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Krishnadev asked: Is there an Indian school of strategic thought?

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  • S. Kalyanaraman replies: No, there is no Indian school of strategic thought. In fact, there is no country-specific or culture-specific strategic thought, notwithstanding contrived efforts to differentiate between ‘Western’ and ‘Non-Western’ discourses in International Relations.

    Throughout history, the external policies of nation-states, city-states, kingdoms and empires have been driven by the readily mobilisable manpower, financial and technological resources available to them at a particular point in time to protect, pursue and expand their interests. When these available resources were small, states tended to adopt policies that were conservative and status quo in character. And when these resources were available in a larger measure, they invariably preferred to pursue expansionist and revisionist policies. This pattern has unfolded in various parts of the world irrespective of the prevalent cultural, religious or civilisational values. The rise and fall of various empires, kingdoms, city-states and nation-states testify to this.

    Recall the histories of Athens, Venice, Rome, Britain, Russia, the Mauryas, Guptas, Cholas, Mughals, and the successive Chinese dynasties, the Persians, Ottomans and the Mongols. Each of these sovereigns waged war, pursued peace and commerce and sought to promote its own cultural and religious values as well as ideas and institutions. And each did so to protect, pursue and promote its own interests. The means adopted by each in this regard was not a function of its culture or religion or nature of government, but a function of the resources available to it at a particular historical juncture as well as of the receptivity or opposition it encountered in the process. Acceptance by another meant the triumph of soft power while opposition necessitated the employment of hard military power to break down resistance. Soft power triumphed when the other party was considerably weaker or smaller or chose not to resist. Hard power was employed only when manpower and financial resources were available to overthrow the opposition. Even then, no state or kingdom or empire preferred to employ hard power given the inevitable costs involved in such a course of action. Hard power was employed only when other softer means of persuasion failed.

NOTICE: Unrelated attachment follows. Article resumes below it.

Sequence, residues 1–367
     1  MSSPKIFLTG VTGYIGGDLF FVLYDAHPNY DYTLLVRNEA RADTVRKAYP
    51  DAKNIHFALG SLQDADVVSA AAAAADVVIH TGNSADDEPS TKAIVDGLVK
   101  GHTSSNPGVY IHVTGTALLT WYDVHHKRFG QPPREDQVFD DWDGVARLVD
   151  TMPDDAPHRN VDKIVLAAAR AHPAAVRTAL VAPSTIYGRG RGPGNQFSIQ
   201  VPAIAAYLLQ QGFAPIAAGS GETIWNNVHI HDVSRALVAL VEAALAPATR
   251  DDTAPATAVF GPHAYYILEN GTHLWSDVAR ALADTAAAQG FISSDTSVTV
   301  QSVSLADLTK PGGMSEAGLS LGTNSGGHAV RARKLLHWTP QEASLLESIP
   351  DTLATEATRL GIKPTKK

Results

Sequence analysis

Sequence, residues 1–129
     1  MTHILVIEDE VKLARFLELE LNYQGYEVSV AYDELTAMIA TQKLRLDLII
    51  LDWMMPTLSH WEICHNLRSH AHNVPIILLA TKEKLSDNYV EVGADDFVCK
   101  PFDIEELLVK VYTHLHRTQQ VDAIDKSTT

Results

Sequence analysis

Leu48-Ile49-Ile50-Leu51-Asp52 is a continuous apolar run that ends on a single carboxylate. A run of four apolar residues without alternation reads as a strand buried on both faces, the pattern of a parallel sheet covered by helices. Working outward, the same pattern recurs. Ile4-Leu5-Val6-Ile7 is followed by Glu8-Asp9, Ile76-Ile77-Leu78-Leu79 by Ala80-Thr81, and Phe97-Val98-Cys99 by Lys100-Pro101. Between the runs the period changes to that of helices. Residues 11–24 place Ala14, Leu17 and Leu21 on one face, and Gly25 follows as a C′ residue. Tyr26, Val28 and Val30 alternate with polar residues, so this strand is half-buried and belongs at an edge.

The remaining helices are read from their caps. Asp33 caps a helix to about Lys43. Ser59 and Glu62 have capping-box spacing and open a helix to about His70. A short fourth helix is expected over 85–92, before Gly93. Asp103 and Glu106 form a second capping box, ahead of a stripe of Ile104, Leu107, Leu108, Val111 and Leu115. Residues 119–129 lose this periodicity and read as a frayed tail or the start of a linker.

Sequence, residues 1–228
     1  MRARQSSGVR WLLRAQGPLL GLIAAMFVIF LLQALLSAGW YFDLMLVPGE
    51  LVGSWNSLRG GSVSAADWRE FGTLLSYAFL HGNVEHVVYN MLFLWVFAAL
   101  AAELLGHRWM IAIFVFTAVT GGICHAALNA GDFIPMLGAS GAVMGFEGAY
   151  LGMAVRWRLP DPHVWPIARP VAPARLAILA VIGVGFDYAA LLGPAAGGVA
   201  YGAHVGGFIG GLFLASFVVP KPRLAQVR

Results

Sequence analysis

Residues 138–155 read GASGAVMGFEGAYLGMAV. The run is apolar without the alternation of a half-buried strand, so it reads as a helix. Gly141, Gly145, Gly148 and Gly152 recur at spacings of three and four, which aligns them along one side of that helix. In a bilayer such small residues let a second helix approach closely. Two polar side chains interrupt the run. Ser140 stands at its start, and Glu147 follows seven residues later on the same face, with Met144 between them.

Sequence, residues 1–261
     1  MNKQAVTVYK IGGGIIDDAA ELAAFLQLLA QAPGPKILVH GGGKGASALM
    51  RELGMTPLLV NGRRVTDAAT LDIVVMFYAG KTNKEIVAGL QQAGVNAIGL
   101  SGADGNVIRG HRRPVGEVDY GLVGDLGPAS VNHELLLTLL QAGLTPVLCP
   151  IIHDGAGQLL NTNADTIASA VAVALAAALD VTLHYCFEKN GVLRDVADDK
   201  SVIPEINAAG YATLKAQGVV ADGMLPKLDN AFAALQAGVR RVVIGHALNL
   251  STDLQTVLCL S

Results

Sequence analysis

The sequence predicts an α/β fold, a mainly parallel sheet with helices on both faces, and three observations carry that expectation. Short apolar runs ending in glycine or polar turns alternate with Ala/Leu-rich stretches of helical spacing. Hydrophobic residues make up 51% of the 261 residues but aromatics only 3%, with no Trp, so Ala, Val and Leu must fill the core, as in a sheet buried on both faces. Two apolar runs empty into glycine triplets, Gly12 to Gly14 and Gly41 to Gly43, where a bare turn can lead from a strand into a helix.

If this has been the experience of every type of sovereign that has ever existed in the world, then there cannot be a country-specific or culture-specific external policy or school of strategic thought. What course of action a particular sovereign employs at a particular historical juncture becomes a function not of its culture but of the material means available to it to pursue its interests.

    Posted on August 14, 2014